As I write this column, we are almost three weeks into the Easter season. When I was a child, I didn’t know that there was an Easter season; in the church I attended, Easter was a single day. But in the larger Church, Easter is a seven-week season that lasts from Easter Sunday until Pentecost (which this year is May 31). It is the perfect time to reflect on the life, death and resurrection of Jesus — and to ask what they mean for our lives.
Perhaps more than anything else, what God has done in Christ is an invitation to grace. The God Jesus revealed is a God of grace. In word and deed, Jesus invited people to ground our lives in the grace and mercy and love of God. To say the same thing another way, we are invited to be children of God and heirs of the kingdom. There are many things which would distract us from this life which God wants for us: greed, ego, self-centeredness, sickness, quarantine, isolation, fear — the list is virtually endless. But if we will close out those distractions long enough to listen, God constantly invites us to grace.
Max Lucado has written a little book whose subtitle is, “Thoughts on God’s Great Grace” (the book is “The Gift for All People”). He tells about a friend who took his family to Disney World. It was very hot, so they took refuge from the heat in Cinderella’s castle, only to discover that seemingly everyone else in the park had had the same idea. Suddenly all of the children rushed to one side. Max said that had it been a boat, it would have tipped over. Cinderella had entered. The children pressed in on the princess, wanting to be greeted or to be touched on the head.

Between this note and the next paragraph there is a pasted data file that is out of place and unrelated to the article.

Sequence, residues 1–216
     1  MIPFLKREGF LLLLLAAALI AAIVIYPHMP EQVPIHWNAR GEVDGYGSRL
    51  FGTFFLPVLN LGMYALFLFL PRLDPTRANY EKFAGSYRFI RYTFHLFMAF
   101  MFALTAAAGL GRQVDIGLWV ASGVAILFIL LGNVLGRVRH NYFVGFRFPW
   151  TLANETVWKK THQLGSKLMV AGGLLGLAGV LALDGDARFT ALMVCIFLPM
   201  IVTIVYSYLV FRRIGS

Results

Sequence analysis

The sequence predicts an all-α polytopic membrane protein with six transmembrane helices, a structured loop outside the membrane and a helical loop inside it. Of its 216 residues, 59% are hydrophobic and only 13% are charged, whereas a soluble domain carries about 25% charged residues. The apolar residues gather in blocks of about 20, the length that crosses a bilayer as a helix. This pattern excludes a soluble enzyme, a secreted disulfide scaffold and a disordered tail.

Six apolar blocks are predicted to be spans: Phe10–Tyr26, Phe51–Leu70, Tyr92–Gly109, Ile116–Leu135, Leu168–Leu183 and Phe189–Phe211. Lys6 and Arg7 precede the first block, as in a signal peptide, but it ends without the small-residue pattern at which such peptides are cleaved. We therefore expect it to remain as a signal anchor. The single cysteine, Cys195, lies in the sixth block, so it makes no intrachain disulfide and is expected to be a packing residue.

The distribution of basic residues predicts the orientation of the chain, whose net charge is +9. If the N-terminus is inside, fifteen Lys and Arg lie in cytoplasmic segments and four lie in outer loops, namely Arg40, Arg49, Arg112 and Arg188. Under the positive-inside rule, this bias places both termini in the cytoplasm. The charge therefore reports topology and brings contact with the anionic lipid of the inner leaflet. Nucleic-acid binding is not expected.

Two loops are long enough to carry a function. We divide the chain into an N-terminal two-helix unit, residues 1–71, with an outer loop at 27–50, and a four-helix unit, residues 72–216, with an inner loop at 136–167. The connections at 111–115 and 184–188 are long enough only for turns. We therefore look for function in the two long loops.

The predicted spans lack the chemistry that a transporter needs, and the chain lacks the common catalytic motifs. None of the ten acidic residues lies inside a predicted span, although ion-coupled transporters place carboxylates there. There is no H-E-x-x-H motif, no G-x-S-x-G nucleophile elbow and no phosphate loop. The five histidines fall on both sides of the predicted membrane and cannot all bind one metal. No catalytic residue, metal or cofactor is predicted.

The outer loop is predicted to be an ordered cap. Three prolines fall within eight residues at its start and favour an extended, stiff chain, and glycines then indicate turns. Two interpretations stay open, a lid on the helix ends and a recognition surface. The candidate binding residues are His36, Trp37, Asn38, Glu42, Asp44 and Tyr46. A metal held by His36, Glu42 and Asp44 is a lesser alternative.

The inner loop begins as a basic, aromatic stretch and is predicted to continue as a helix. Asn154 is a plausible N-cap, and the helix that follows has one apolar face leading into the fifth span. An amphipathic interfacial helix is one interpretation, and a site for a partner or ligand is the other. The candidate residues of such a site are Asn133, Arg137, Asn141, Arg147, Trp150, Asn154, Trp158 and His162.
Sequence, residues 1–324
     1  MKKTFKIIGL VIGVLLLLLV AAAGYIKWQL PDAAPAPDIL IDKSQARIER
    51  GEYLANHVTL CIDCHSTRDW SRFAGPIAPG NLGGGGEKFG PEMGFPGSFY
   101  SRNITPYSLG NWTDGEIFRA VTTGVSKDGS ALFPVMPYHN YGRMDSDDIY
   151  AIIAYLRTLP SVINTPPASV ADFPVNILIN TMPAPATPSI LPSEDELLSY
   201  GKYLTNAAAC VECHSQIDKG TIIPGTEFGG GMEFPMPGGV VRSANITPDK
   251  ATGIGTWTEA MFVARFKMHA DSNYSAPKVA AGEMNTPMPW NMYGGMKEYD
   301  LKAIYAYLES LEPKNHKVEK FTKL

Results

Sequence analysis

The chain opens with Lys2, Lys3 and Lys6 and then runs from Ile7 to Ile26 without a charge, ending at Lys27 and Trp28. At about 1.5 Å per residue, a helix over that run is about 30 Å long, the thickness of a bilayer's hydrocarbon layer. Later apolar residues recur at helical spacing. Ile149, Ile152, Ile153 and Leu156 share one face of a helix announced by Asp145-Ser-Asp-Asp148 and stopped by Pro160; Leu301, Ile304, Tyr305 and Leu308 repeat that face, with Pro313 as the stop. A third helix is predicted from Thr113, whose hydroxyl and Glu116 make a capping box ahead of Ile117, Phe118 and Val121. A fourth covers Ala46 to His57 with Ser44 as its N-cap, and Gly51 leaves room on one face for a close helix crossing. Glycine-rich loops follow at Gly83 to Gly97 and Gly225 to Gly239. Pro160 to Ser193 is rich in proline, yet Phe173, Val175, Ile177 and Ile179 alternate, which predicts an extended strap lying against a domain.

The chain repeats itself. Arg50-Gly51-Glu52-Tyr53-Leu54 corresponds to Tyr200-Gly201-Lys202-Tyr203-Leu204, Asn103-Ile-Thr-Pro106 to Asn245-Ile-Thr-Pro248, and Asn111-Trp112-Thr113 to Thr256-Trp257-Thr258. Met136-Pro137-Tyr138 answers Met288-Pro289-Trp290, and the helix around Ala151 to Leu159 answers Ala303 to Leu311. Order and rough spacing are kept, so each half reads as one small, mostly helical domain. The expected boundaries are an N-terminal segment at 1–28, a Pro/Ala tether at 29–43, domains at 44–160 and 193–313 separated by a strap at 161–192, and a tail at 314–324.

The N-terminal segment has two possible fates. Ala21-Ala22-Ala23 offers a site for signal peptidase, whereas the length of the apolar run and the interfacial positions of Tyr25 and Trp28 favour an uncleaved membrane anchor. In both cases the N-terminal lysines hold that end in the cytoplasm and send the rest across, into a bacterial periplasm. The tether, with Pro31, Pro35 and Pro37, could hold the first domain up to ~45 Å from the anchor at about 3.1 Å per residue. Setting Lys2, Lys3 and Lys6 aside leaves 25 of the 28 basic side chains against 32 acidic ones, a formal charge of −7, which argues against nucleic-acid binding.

The only child not among the throng was a boy who looked to be 7 or 8 years old. He had apparent developmental disabilities, which manifested in his face and his body; among other things, he was in a wheelchair. You could see in his eyes his longing to be among the other children, his longing to be touched by the princess. You could also see that Cinderella had spotted him. With all the children around her, she had to move slowly, in baby steps, but she started making her way toward that boy. She never stopped speaking to the other children; she kept greeting them and making them feel special and touching them on the head or shoulder. But slowly, resolutely, she kept moving toward that boy. When she finally arrived, she knelt so that she could look into his eyes. As she spoke to him, he beamed; when she kissed him on the cheek, he could have floated away like a helium-filled Mickey Mouse balloon.
That is a parable about God. God speaks to every child of God. God touches the life every child of God. I was so fortunate to grow up in the arms of the church, which taught me to move toward God to receive this touch and this blessing and this word. But maybe that wasn’t your experience. Maybe because of circumstances or maybe because of choices (or some of both), you have been unable or unwilling to move toward God. The Easter season is a reminder, a warning, a sign, that God has spotted you; and resolutely, determinedly, caringly, God is coming to you. Because there is this conviction deep in the heart of God that the kingdom would not be complete without you.